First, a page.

Man who ran 'filthy' Halifax store given zero hygiene stars gave health inspectors a false name

A Halifax shop-owner gave health inspectors a false name when they visited his business because he feared he would get into trouble for the “filthy” store.
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And Nadeem Butt maintained the false identity for over a month – a court was told.

Butt, 45, runs Afzal Food Store on Battinson Road in Halifax.

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On Thursday, Butt admitted to eight food hygiene offences in an appearance at Bradford Magistrates Court, including obstructing inspectors in their investigation.

Pictures from Afzal Food Store in HalifaxPictures from Afzal Food Store in Halifax
Pictures from Afzal Food Store in Halifax

Calderdale Council’s environmental health officers visited the store on November 29, 2022, when they discovered the business has changed ownership without the council being informed.

During their visit they encountered Butt, the owner of the business.

However, he identified himself as Waseem Butt – a manager of the store.

He said Nadeem Butt was out of the country at the time.

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Kate Stevens, prosecuting on behalf of Calderdale Council, said: “They observed the shop to be filthy.

“There was dirty cardboard on the floor. They observed evidence of a rodent infestation. The store stank of an offensive smell.”

They opted to close the store and issue a prohibition notice, which was fixed to the store window.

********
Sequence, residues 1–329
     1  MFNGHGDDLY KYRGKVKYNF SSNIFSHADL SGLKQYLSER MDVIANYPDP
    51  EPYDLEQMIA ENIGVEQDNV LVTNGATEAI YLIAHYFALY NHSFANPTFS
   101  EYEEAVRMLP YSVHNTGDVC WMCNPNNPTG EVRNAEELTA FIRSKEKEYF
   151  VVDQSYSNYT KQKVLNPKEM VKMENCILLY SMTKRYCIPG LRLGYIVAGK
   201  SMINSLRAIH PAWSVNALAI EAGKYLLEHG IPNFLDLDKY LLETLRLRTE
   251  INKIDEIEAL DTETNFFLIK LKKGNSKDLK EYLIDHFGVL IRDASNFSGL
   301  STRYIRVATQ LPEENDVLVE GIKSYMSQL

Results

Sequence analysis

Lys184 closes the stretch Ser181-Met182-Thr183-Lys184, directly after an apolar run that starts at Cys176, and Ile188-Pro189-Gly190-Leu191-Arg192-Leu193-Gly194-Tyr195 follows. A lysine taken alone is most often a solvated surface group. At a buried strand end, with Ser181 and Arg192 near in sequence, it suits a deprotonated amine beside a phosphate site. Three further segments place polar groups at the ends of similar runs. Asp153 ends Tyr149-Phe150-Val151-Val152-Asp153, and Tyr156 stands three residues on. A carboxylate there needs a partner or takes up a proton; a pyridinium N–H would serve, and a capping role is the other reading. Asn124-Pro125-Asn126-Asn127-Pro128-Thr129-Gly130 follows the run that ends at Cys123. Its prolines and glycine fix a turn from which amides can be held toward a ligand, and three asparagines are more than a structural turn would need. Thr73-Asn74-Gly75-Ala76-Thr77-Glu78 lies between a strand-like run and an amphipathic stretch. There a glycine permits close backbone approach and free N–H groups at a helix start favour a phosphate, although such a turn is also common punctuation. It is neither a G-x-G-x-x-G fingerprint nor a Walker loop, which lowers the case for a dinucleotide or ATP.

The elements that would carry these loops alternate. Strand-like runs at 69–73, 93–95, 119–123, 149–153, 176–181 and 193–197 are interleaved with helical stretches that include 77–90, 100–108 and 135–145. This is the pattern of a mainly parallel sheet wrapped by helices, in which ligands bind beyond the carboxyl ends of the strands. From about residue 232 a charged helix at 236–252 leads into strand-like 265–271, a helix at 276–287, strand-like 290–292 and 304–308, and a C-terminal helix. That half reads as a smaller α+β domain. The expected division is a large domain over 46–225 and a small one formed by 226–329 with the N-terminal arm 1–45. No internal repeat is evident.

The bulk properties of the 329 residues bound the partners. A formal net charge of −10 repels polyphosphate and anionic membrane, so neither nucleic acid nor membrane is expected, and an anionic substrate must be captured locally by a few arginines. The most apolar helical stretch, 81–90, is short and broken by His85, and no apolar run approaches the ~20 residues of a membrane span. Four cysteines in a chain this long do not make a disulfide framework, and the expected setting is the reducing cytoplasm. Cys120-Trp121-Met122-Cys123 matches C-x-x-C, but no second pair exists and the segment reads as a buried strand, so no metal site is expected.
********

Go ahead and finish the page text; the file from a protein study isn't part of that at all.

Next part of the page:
The council later received a call from Butt’s phone number. When answered, a woman told council officers the notice had been removed.

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Officers revisited the store, as removing such a notice is an offence in itself, and re-fixed a new notice.

Butt maintained the façade that he was Waseem Butt, and had taken responsibility for the shop while Nadeem Butt was abroad.

There appeared to have been no attempt made to rectify the issues raised by the inspection, and Butt told officers he didn’t wish to speak to them again.

Mrs Stevens told magistrates that Butt eventually admitted he was Nadeem Butt on January 4. She added: “He claimed he gave a false name because he didn’t want to get into trouble.”

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She said Butt refused further help from the environmental health department but had argued he had made improvements in recent months.

Inspectors revisited the store in November, and although there was no longer evidence of an infestation, they did find 30 items of out of date food.

The business was given a food hygiene rating of 0. Mrs Stevens added: “He said he was happy with the inspection and will make improvements in due course."

Mr Lee, defending, said: “This was his first time involved in running a shop. He accepts giving a false name was wrong. He was worried about getting into trouble, it was not a case of setting out to deceive the local authority.”

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He said the food sold in the store was all packaged, only potatoes and onions were loose.

Mr Lee added: “It is not the case that there were rodents running across meat.”

He said Butt was in the process of selling the store, and he would not be the owner for much longer.

Sentencing Butt, chair of the bench Peter Smith said: “What makes these matters worse is your obstruction of justice.”

Magistrates fined Butt £400 and ordered him to pay a £400 fine, £220 costs and a £165 surcharge.